An brief introduction to XMPP
What with WhatsApp, WeChat, Hangouts, Telegram, and Facebook Messenger, not to mention a lot of others, do you ever get tired of all the apps you have to run, just to keep in touch?
Jeremie Miller did. And that was back in 1998, when none of the services I mentioned even existed. Others did, though.
Jeremie solved this problem by making yet another messaging service, just for himself. The difference was that this one was open, which means that anybody is allowed to see how it works and copy it. Better still, when different people made their own chat servers, they could let people on one server connect to people on the other. He called his invention jabberd, and the language it used to connect was called Jabber.
Jabber messages worked the same way as email. So one person could have the Jabber ID firstname.lastname@example.org on the jabber.org server, while another person had a chat.me Jabber account called email@example.com, and they’d still be able to talk to each other. In fact, they could even be using the same app. That’s because, since the Jabber language was open, anyone could make a Jabber app and use it on any server they like. No using only WhatsApp’s app for WhatsApp and only WeChat for WeChat’s chats. Any Jabber app can be used regardless of the server — just like how you can use Thunderbird, Outlook Express , or iMail for any email, without worrying about whether it’s Gmail or Yahoo or Hotmail or anything else.
One big difference between Jabber and email is that Jabber is much faster. That’s because Jabber lets two people connect to each other directly, without a server in between.
Normally, when you send an email, it travels like this:
But Jabber lets you send them like this:
Of course, if your friend isn’t online at that time then the message will go to your friend’s server instead and be delivered next time your friend signs in. But if you are both online, it lets you do a lot of fancy things that only your apps know how to do, even if your server doesn’t. Or even if it does.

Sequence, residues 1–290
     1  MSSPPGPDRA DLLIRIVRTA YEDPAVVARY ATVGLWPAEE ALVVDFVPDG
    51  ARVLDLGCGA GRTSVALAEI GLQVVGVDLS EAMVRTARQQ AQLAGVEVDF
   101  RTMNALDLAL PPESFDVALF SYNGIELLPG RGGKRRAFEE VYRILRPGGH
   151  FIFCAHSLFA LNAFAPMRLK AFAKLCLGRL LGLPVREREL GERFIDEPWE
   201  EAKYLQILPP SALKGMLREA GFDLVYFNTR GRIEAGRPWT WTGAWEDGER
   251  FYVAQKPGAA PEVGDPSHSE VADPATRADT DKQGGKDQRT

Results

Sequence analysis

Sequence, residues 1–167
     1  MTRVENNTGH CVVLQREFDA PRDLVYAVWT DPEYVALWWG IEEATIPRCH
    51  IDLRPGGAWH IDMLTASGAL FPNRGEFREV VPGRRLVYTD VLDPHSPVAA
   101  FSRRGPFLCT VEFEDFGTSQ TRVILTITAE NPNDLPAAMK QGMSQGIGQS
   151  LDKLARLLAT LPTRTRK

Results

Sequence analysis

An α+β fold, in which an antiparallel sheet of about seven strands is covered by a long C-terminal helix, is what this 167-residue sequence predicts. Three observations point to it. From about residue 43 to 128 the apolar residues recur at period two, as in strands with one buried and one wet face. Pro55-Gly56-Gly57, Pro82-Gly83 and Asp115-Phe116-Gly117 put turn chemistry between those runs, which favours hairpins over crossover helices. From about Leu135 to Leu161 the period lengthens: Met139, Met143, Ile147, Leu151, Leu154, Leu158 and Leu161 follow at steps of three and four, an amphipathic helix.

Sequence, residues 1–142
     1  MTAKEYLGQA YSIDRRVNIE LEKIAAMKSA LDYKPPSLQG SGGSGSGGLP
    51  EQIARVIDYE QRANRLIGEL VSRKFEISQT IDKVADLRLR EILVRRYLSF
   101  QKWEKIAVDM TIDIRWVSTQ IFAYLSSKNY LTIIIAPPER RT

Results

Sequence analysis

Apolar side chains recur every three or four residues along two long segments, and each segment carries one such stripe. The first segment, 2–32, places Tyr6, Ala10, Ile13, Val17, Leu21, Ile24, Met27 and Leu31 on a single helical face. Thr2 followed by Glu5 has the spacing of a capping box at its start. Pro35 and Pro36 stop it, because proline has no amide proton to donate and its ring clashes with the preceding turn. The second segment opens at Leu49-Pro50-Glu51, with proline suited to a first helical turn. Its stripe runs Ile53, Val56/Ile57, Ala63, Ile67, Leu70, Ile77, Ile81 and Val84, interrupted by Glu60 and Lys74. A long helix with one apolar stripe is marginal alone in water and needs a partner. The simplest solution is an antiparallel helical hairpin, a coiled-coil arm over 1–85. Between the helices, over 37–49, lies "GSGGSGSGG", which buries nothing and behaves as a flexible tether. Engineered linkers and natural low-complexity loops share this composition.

Jabber was very successful, and lots of people started using it. And, because it was open, they could also begin improving it and adding more features. Eventually, they decided to get it officially recognised by the Internet Engineering Task Force (IETF) which has set other standards including SMTP for sending email, HTTP for loading websites, and TCP/IP for the Internet itself.
Because a lot of good protocols seem to be acronyms ending with a “P”, Jabber was also renamed, to “XMPP”. That stands for “eXtensible Messaging and Presence Protocol” — where “protocol” means “language that different kinds of computer use to talk to each other”; “presence” means “finding out whether a person is online or offline”; “messaging” means “for sending messages”, and “extensible” means “can be modified to add cool features like secret messages and even simple videogames”. But you’ll probably be happy just calling it XMPP.
XMPP is still very much in use today — and you can use it, too! Visit xmpp.org to get started. Or wait till next week, if you’re patient enough.
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This article was originally published in Sirius #240 5–18 March 2017 “Solar Ambulance”. All Jabber IDs given are made up, so please do not try to chat with them.